Now, we understand that when Jesus withdrew and went by boat into a desert place, he wasn’t fleeing at all. He was going deeper into the heart of Adam and Eve, all the way into hell and into the desert of our heart to heal our schizophrenia at its root in hell, to deliver us from bondage to the enemy, to destroy death by his death and to bestow life upon those in the tombs. If we are not healed it’s because we have chosen not to repent, not to leave the city of our vanity and our conceit, our lust and our greed, in order to come out into the desert of our heart, to confront the darkness and the emptiness of our soul – and to encounter the Word of God incarnate, the light of God shining in the darkness of our heart, who has come to us in the boat of his holy Church to make the desert of our heart blossom like a rose and to clothe us with his Holy Spirit, the Robe of Light.
We are still this morning in the Feast of Christ’s Transfiguration. “Today,” the Church cries out on the feast, “Christ on Mt Tabor wast transfigured and hast made the nature that had grown dark in Adam to shine again as lightning, transforming it into the glory and splendor of Christ’s own divinity.” The Church is the body, the humanity of Christ that shines as lightning and that is filled with glory and that has been made godlike in the mystery of his incarnation. The Word that washes over us in holy Baptism and that we receive into our mouths in holy Eucharist is this Word of Christ that sounds forth from his body, his holy Church. This Word is filled with the splendor of his divine glory and it can make our nature that had grown dark in Adam to shine again as lightning, transforming it into the glory and splendor of Christ’s own divinity, if we want it to. And so Christ warns his disciples – beware the leaven of the Pharisees. Beware the words of self-righteousness. Beware the words your own wisdom. Beware that religious zeal for God that is not according to knowledge, but seeks to establish itself in its own righteousness, in the wisdom of its own opinions. Those are the words of the city and they do not lead you into the desert. The words of human religious opinion are words of self-importance. They are the words of the city and they produce schism, as St Paul says in this morning’s epistle. They deepen, they do not heal our spiritual schizophrenia. They are not the Word of God that goes by boat into the desert of your heart, and that heals your infirmities when Christ was crucified for you outside the city and that raised you up to life eternal in holy baptism beyond the grave, and made you a communicant of life eternal. Take note that in the Gospel no self-righteous scribe or Pharisee was healed by Christ; and those scribes and Pharisees who came to John the Baptist in their self-righteousness were not baptized but rebuked by the Forerunner.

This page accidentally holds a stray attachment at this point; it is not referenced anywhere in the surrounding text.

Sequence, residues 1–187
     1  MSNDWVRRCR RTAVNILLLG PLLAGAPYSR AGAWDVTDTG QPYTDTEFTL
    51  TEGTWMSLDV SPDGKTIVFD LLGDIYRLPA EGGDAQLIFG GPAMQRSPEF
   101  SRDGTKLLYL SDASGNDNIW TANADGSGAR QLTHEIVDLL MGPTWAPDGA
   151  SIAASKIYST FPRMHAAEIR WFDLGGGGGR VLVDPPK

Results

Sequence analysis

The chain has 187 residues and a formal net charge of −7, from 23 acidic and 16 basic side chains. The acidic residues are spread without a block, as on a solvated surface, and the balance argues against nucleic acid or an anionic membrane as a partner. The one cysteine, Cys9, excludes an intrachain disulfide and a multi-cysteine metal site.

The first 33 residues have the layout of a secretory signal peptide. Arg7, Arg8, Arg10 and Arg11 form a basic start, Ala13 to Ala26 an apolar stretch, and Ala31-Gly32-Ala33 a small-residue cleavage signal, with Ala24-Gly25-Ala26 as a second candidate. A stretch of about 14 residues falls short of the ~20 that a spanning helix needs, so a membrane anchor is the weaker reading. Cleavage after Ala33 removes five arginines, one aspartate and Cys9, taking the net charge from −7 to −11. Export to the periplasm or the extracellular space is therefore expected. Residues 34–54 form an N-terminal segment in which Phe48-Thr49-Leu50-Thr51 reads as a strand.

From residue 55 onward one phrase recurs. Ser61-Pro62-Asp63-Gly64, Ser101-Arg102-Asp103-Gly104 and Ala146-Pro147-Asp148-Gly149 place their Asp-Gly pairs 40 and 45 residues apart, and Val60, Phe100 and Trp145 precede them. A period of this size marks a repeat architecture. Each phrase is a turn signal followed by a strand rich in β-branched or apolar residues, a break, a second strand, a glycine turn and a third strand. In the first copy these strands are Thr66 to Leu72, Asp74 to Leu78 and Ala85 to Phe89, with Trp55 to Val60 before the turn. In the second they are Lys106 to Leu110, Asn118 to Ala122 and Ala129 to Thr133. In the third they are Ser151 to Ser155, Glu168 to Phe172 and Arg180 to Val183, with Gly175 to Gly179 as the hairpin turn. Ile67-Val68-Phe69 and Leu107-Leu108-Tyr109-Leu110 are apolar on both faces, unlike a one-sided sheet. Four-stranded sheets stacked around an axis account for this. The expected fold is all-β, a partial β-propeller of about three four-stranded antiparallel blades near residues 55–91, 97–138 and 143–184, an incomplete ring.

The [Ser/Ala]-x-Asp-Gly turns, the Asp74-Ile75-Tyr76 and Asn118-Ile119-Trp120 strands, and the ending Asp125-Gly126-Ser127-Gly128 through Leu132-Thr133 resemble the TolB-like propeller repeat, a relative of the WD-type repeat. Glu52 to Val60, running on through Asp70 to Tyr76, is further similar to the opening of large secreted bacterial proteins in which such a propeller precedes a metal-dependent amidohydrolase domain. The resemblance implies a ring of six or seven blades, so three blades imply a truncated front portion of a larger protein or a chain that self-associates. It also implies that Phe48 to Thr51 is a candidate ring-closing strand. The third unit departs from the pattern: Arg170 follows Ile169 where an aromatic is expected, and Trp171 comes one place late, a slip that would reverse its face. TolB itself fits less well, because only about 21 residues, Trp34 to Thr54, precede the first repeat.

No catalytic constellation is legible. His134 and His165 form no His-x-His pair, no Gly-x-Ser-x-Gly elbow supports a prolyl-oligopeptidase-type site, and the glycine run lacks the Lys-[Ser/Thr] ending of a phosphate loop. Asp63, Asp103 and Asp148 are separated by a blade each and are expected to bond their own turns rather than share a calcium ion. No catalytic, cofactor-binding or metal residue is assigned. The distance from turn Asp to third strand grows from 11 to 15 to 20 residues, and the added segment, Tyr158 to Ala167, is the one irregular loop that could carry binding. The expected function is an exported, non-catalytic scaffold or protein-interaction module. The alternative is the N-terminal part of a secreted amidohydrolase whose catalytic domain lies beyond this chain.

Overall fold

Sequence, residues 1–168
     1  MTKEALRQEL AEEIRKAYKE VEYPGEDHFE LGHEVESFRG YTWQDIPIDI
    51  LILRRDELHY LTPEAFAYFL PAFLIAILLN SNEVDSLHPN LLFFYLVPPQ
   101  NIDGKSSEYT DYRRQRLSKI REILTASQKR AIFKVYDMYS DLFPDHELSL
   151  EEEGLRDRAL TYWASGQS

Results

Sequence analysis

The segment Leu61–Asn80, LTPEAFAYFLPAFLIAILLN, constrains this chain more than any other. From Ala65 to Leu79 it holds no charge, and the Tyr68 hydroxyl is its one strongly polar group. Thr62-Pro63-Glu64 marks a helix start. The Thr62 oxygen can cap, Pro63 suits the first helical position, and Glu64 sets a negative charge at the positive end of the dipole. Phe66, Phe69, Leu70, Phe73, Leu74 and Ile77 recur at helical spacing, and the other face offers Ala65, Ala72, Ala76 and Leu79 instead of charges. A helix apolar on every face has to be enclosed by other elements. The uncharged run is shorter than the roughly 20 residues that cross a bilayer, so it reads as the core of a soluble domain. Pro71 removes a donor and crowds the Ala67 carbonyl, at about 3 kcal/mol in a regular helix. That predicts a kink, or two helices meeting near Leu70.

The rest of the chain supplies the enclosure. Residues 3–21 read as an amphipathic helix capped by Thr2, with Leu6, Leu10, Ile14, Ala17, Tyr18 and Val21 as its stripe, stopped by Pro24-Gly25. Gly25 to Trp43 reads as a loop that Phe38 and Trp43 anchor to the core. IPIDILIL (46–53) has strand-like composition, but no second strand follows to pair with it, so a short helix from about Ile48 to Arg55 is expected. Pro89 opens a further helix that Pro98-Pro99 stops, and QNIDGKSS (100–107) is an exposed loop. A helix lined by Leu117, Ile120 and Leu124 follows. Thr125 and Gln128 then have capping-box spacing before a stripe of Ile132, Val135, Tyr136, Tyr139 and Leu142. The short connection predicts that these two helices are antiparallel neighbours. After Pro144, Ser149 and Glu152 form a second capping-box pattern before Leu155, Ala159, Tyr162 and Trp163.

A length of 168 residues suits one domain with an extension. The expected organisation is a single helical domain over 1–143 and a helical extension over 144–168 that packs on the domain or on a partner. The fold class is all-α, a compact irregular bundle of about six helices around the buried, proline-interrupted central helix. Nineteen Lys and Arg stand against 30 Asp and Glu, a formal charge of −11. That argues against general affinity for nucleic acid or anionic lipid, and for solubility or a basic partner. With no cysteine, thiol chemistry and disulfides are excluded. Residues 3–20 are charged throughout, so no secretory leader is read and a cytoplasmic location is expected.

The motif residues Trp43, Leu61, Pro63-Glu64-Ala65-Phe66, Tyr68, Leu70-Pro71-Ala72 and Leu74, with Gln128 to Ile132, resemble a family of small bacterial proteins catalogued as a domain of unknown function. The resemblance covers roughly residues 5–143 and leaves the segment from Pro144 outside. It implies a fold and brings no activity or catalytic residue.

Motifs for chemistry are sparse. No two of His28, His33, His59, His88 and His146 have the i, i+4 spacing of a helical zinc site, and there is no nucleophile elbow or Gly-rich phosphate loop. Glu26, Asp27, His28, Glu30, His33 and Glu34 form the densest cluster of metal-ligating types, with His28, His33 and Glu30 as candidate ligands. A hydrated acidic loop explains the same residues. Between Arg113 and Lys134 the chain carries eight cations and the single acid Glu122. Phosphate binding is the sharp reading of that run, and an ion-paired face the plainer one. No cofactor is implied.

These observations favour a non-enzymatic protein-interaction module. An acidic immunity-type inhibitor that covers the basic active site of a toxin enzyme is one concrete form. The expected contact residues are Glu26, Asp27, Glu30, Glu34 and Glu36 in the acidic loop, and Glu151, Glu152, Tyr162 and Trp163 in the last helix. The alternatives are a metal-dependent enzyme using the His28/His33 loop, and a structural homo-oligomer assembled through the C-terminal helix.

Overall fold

The Feast of Transfiguration (Aug 6) began a liturgical season that will conclude forty days later in the Feast of the Elevation of the Cross on Sept 14. Within this Lenten-like period, the Church passes over from the old year to a new Church year. The old year concludes with the feasts of the Falling Asleep of the Theotokos and the beheading of John the Baptist. The New Year opens with the feasts of the birth of the Theotokos as the child, the daughter of God, and, following the Elevation of the Cross on Sept 14, the conception of John the Baptist on Sept 23. In her liturgical worship the Church transfigures time into a moving icon of baptism. We leave the old year as though descending into the font and dying with the Theotokos and John the Baptist in the Lord. We come to the evening of the year, sitting at the feet of the Savior, receiving his healing touch in the mysteries of the Church and listening to the Word of his teaching as did the faithful in this morning’s Gospel. We enter the New Year of the Church as though rising from the baptismal font, born from above as children of God like the Theotokos and then rising to take up our Cross under the preaching of John the Baptist to prepare the way of the Lord in repentance, to make straight his paths that will take us from the barrenness of the city and into the desert that has been made to blossom like a rose in the Pascha of the Savior. Through prayer and fasting and by observing these transitional feasts of the Church in the fear of God, with faith and love, we enter in time the New Church Year while we step in our mind and heart onto that better and changeless path of the Church that ascends to God and that takes us away from the city and into the desert, up the holy mountain and into the splendor of Christ’s divine glory that fills his holy Church and that has changed the darkened nature of Adam and filled it with brightness and made it like God. By forsaking the city of our own wisdom and our own religious opinions, in other words, and by making our way into the desert where Christ is, submitting to the Word of God that sounds forth from his holy Church, our nature that has grown dark in Adam can begin to shine again as lightning, and in the joy of the feasts we pass over with his holy Mother and the Forerunner beyond even the desert that now blossoms like a rose. We pass over and are translated in the mystery of his holy Ascension into his incorruptible Heavenly Kingdom of Light and Life. Amen. May the Joy of the Feasts be with you!